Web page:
2018-11-08 / Opinion

A Year of Surprises

First, congratulations to all the hard-working Newport-area citizens who won their elections. Our thanks and congratulations also go out to all the other candidates who likewise put forth great effort and energy into their campaigns so that voters had choices. The residents were the real winners because so many put themselves out there to make sure the democratic process this country prides itself in was at work. Voting is the most important right citizens have, and one guaranteed by the Constitution.

We would also like to extend special thanks this year to all the volunteers who helped the candidates with their campaigns. A particularly large number of people stood at polling locations boldly holding campaign signs of their favored candidate despite the fog and drizzle of the day. These healthy turnouts extended to the myriad election watch parties held at various restaurants and watering holes around the city. The support was palpable.

If one or two phrases could describe the Election Day of Nov. 6, 2018, both locally and nationally, it would be “year for women” and “more involvement.”

We were also struck by the stark contrast of the new high-tech voter ID scanner as compared to the end of the night when runners with pen and paper in hand recorded tallies for their candidate at each polling location. As the staff made rounds to watch locals receive the news of their respective races, there were jubilant faces while others were downtrodden. Yet demeanor changed minute by minute, as some thought they fell below the cutoff with too few votes, and then numbers coming in from another precinct would raise their hopes. The final results are still subject to absentee ballots being counted, which could impact several contests.

In the days following these results, next steps will include naming the mayor and school committee chair in Newport and town council president in Middletown.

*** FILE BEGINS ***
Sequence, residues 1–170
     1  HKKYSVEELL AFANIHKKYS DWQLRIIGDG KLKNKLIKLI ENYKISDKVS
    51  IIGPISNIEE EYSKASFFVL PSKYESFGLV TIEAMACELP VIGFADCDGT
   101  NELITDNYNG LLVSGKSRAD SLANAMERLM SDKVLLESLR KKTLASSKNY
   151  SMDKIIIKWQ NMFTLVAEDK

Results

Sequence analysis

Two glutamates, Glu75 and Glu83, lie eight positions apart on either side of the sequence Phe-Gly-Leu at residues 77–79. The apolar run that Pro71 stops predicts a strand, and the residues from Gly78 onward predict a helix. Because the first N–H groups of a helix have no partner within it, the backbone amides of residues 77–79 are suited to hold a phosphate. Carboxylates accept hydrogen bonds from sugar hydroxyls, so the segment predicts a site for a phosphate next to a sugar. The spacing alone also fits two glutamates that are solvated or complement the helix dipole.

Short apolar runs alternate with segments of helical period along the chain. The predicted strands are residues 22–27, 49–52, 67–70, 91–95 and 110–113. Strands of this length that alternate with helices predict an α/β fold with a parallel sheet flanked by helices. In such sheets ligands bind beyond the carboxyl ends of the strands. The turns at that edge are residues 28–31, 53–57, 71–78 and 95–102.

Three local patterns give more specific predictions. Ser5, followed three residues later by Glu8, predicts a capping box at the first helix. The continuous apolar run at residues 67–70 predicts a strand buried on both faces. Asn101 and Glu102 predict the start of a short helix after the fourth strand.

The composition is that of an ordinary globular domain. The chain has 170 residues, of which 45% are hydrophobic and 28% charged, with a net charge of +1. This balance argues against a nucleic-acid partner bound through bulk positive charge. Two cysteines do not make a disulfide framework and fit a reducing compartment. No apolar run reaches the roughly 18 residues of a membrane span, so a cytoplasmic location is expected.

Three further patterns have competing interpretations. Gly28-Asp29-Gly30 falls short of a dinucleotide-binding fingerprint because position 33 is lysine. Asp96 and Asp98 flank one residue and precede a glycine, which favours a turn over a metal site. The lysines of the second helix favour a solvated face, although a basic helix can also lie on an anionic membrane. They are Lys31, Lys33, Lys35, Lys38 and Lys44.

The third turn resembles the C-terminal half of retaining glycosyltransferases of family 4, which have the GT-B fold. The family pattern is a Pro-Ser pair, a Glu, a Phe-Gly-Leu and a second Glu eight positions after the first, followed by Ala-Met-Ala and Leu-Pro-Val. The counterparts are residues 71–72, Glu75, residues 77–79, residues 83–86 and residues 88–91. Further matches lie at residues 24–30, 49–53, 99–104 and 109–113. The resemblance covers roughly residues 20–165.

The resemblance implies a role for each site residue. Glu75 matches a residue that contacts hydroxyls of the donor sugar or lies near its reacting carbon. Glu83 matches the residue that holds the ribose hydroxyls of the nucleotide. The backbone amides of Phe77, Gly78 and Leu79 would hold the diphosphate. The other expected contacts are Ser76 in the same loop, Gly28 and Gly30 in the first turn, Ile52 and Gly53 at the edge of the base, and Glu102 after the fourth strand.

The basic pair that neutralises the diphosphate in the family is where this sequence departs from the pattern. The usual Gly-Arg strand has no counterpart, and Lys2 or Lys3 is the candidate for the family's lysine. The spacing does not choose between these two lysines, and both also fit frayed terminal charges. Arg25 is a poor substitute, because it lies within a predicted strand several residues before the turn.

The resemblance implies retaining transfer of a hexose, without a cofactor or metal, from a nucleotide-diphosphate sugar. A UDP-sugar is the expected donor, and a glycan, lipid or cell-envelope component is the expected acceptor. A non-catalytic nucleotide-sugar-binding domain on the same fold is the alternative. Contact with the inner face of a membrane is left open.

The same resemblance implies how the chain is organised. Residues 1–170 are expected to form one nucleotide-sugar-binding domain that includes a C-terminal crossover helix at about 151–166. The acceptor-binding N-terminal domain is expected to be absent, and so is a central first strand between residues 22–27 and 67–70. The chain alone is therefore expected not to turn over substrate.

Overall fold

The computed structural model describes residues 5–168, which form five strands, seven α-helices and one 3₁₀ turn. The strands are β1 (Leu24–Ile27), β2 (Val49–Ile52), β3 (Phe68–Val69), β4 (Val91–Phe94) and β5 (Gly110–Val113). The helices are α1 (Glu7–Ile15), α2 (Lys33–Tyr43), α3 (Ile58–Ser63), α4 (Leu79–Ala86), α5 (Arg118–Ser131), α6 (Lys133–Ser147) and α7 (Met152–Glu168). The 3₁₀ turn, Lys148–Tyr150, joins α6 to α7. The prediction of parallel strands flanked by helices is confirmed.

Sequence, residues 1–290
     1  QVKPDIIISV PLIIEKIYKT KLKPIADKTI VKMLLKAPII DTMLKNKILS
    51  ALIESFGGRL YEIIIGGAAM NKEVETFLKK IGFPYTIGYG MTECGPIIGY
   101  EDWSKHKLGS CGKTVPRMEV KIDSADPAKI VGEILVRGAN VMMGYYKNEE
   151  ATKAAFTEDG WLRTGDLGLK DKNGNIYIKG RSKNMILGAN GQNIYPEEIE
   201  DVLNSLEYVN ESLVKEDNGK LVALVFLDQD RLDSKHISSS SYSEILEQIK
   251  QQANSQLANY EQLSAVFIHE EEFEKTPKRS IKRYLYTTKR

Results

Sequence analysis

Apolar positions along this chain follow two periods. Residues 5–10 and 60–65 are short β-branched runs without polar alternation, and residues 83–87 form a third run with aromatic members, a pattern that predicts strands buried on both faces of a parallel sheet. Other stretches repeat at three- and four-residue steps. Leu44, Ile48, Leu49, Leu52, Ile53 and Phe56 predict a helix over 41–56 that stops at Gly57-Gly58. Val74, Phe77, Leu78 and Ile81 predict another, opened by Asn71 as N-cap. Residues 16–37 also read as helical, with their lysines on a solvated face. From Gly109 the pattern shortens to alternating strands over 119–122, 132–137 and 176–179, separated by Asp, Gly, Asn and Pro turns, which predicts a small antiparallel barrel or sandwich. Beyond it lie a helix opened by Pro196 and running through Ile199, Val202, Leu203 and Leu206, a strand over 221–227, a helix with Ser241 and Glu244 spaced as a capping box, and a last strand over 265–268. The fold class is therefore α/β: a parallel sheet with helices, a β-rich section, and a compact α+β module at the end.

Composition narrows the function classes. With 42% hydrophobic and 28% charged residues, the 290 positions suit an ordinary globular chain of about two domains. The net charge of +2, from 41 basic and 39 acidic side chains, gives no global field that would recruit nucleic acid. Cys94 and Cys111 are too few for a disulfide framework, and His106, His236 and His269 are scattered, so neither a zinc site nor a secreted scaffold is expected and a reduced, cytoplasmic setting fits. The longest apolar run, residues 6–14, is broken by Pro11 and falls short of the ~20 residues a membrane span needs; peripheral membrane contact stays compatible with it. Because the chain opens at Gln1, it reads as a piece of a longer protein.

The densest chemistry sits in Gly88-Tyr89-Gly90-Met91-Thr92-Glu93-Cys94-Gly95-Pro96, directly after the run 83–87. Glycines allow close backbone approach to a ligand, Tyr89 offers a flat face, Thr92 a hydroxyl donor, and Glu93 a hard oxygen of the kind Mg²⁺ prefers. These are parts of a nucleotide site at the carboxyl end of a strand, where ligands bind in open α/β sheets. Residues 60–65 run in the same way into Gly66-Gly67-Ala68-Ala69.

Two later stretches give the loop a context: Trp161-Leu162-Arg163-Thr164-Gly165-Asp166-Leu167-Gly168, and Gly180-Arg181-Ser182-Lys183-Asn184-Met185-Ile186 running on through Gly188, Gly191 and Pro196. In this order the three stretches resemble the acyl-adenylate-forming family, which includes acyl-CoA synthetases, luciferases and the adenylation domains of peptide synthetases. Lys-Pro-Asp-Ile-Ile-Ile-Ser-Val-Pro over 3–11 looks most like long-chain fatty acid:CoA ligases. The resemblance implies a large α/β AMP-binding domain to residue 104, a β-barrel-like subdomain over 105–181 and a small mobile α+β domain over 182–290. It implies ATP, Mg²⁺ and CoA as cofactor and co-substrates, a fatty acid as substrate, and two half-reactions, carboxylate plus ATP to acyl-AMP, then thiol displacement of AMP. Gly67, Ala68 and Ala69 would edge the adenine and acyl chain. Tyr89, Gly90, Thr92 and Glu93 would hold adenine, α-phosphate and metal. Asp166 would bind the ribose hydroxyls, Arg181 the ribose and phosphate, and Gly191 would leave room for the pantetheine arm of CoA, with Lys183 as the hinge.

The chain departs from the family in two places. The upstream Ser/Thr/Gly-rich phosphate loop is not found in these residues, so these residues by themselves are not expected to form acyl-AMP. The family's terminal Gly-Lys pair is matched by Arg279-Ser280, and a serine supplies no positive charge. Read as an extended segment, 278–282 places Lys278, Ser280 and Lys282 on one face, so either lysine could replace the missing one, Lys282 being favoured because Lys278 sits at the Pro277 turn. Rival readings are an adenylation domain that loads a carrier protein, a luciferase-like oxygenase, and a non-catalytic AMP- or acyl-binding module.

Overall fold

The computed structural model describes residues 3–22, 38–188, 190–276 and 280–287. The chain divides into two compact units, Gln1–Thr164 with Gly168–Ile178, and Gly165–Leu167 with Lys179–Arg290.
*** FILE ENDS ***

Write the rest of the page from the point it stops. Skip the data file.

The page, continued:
While many may think the top vote-getters get the top positions of leadership, that is not always the case. It is almost like the reality show, “Survivor,” where the newly elected form alliances, lobby among themselves and then vote to name the new mayor and council president. This is a good place, though, to remind everyone that the mayor and president have no extra weight or powers, but preside at meetings and act on behalf of the communities at ceremonies and other functions.

With the stress and uncertainty of the election behind us, we wish all the councils, school committee members and state legislators the best of luck for productive terms in office.

To the candidates who were not elected, or reelected, don't be disheartened. We hope you choose to stay involved in some capacity. The communities need people with such selfless commitment that candidates have shown by running in the first place.

As for our good-natured spin on The New York Times’ article, “How is your election night party? Remember these tips,” mentioned in the Page 1 caption, here goes. Feel free to employ these gag food and drinks at your 2020 election watch party:

1) Jeanne-Marie Napolitano Ice Cream
2) Susan Taylor Ham
3) Rebecca Bolan-ese Sauce
4) Lynn-seed and Rosemary Crackers Ceglie

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